England and Wales (including Northern Ireland)

Criminal Justice Act 2003 (UK)

Coroners and Justice Act 2009 (UK)

Criminal Justice and Immigration Act 2008 (UK)

Murder (Abolition of Death Penalty) Act 1965 (UK)

(a) act performed in defence of D or another from what D perceives as an actual or imminent unlawful assault; and
(b) force used is reasonable in circumstances as D believes them to be (Common law516 , s 76 Criminal Justice and Immigration Act)

 

Loss of control – partial defence, engaged in the presence of a “qualifying trigger”, such as fear of serious violence from deceased; things said or done of extremely grave character that caused D to have justifiable sense of being wronged (sections 54–55 Coroners and Justice Act).

Diminished responsibility – partial defence (sections 52–53 Coroners and Justice Act).

Mandatory life sentence (section 1, Murder (Abolition of Death Penalty) Act 1965).

Law Commission for England and Wales reviewed partial defences to murder in 2004 and the laws of murder, manslaughter and infanticide in 2006. Loss of control replaced provocation in 2010 to cater for victims of family violence and to exclude sexual infidelity and other inappropriate “triggers”.

Ireland

Criminal Justice Act 1964

Criminal Law (Defence and the Dwelling) Act 2011

Criminal Law (Insanity) Act 2006

(a) D acted in defence of D or another from what D perceives as an actual or imminent unlawful assault; and
(b) force is reasonable and necessary in the circumstances as D believes them to be (common law).

Provocation – partial defence (common law).

Diminished responsibility – partial defence (Criminal Law (Insanity) Act, section 6).

Defence in a dwelling – complete defence, applies where a defendant uses reasonable force in their dwelling against a person who trespasses for the purpose of committing a crime (Criminal Law (Defence and the Dwelling) Act, section 2).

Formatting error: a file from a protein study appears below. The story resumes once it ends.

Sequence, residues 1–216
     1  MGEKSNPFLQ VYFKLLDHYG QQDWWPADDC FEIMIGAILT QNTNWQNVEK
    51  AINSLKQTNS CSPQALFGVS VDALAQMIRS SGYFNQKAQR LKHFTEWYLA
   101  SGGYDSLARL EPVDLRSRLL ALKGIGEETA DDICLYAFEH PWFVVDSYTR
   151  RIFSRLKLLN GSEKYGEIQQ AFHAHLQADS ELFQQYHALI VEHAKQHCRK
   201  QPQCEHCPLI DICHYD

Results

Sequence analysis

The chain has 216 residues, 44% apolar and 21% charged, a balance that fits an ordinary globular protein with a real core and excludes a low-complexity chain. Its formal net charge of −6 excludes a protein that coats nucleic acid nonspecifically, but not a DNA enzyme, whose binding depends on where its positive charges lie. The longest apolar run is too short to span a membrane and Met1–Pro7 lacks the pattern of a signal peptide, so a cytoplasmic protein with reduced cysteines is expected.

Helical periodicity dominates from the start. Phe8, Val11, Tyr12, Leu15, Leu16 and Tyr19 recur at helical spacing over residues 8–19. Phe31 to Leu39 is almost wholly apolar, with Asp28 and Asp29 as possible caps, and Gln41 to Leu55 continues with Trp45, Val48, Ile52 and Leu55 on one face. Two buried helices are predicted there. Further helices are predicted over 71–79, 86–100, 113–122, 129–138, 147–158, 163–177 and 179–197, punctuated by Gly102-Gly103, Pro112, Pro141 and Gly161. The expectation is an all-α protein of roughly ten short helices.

Mandatory life sentence (section 2, Criminal Justice Act)

Law Commission of Ireland reviewed all criminal law defences in 2009 and recommended codification. Recommendations not implemented.

Canada

Criminal Code RSC 1985 c C-46

(a) D believes on reasonable grounds that force is being used against D or another or that a threat of force is being made against D or another;
(b) the act that constitutes the offence is committed for the purpose of defending or protecting D or another from that use or threat of force; and
(c) the act committed is reasonable in the circumstances (section 34).

Section 34 also lists a number of factors for determining reasonableness, including nature of force or threat; imminence; size, age gender and physical capabilities of the parties; nature, history and duration of the relationship between the parties; nature and proportionality of the response.

Provocation – partial defence (section 232(1)).

Mandatory life sentence (first or second degree murder) (section 235).

 

516Discussed in Law Commission of England Wales Partial Defences to Murder (Law Com No 290, 2004) at [4.6].